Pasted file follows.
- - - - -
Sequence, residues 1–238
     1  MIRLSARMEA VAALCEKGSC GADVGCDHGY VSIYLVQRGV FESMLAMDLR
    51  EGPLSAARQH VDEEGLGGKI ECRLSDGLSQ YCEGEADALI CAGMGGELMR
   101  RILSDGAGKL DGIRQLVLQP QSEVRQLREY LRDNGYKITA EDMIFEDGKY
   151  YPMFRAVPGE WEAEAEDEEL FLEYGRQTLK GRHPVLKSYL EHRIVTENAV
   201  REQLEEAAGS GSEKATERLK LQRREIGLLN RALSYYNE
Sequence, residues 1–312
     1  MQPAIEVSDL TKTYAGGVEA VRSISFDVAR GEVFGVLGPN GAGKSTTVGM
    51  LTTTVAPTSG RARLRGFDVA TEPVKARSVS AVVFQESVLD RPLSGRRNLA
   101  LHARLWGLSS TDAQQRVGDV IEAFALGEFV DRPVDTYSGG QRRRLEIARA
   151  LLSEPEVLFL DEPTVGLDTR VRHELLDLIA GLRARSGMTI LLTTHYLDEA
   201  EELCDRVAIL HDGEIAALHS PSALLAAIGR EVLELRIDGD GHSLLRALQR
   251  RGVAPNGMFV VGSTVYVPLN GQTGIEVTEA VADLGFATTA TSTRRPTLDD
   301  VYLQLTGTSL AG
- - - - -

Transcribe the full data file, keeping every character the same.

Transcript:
Sequence, residues 1–238
     1  MIRLSARMEA VAALCEKGSC GADVGCDHGY VSIYLVQRGV FESMLAMDLR
    51  EGPLSAARQH VDEEGLGGKI ECRLSDGLSQ YCEGEADALI CAGMGGELMR
   101  RILSDGAGKL DGIRQLVLQP QSEVRQLREY LRDNGYKITA EDMIFEDGKY
   151  YPMFRAVPGE WEAEAEDEEL FLEYGRQTLK GRHPVLKSYL EHRIVTENAV
   201  REQLEEAAGS GSEKATERLK LQRREIGLLN RALSYYNE
Sequence, residues 1–312
     1  MQPAIEVSDL TKTYAGGVEA VRSISFDVAR GEVFGVLGPN GAGKSTTVGM
    51  LTTTVAPTSG RARLRGFDVA TEPVKARSVS AVVFQESVLD RPLSGRRNLA
   101  LHARLWGLSS TDAQQRVGDV IEAFALGEFV DRPVDTYSGG QRRRLEIARA
   151  LLSEPEVLFL DEPTVGLDTR VRHELLDLIA GLRARSGMTI LLTTHYLDEA
   201  EELCDRVAIL HDGEIAALHS PSALLAAIGR EVLELRIDGD GHSLLRALQR
   251  RGVAPNGMFV VGSTVYVPLN GQTGIEVTEA VADLGFATTA TSTRRPTLDD
   301  VYLQLTGTSL AG